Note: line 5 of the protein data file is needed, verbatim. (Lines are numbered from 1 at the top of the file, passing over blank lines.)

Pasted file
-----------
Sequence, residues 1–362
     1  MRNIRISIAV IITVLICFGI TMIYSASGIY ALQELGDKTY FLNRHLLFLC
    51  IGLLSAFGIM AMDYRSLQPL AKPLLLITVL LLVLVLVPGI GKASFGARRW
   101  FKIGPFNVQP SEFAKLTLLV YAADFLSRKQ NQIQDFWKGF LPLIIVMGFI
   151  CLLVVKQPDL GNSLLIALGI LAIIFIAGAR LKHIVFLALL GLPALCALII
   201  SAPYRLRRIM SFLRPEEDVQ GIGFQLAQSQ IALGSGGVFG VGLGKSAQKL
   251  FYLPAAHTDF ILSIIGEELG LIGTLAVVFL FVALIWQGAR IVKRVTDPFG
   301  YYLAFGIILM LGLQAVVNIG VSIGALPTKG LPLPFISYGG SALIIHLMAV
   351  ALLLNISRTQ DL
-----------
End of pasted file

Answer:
   151  CLLVVKQPDL GNSLLIALGI LAIIFIAGAR LKHIVFLALL GLPALCALII